The experiences of watching a mother succumb to cancer and grieving her death are explored with honesty and compassion.
Feder (illustrator: Unladylike, 2018), the oldest of three sisters in a close-knit Jewish family, grew up with an artistic, spirited, playful, and affectionate mother, someone whose high spirits were the perfect foil for her daughter’s anxious personality. The summer after Feder’s freshman year of college, her mother was diagnosed with cancer, dying in the spring of Feder’s sophomore year. This vulnerable memoir is a tribute to a beloved woman as well as a meditation on losing a parent when one is on the cusp of adulthood. Much like grief itself, the book careens from deep despair to humor to poignancy, fear, remorse, and anger, mirroring the emotional disorientation that comes with such a significant death. By sharing many particulars about her mother—the foods she loved and hated, the silly in-jokes, her endearing (and annoying) quirks—Feder personalizes her loss in a way that will resonate with members of the “Dead Moms Club,” with whom she describes having an immediate bond. Readers who have not experienced deep grief will learn from the missteps of well-intentioned friends and acquaintances. The pastel-toned illustrations effectively convey Feder’s youth and the intensity of her emotions while emphasizing the ultimate message of survival and resilience in the face of life-changing grief.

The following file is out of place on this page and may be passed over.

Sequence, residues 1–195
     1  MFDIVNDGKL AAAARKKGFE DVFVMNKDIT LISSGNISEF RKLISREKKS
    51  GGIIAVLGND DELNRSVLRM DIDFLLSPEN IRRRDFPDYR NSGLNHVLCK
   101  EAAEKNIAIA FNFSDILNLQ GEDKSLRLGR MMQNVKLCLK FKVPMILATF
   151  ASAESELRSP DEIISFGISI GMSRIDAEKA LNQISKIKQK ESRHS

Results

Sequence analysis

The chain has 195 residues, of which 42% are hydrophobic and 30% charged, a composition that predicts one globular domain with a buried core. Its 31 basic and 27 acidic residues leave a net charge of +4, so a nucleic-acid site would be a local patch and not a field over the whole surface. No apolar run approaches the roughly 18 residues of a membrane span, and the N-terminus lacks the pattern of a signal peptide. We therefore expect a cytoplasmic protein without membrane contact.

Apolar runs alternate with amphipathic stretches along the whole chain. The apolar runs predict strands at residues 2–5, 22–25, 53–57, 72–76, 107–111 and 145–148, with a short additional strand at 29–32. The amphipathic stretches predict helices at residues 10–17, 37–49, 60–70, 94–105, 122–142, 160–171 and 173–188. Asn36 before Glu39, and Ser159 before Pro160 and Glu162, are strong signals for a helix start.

Cathartic and uplifting. (Graphic memoir. 12-adult)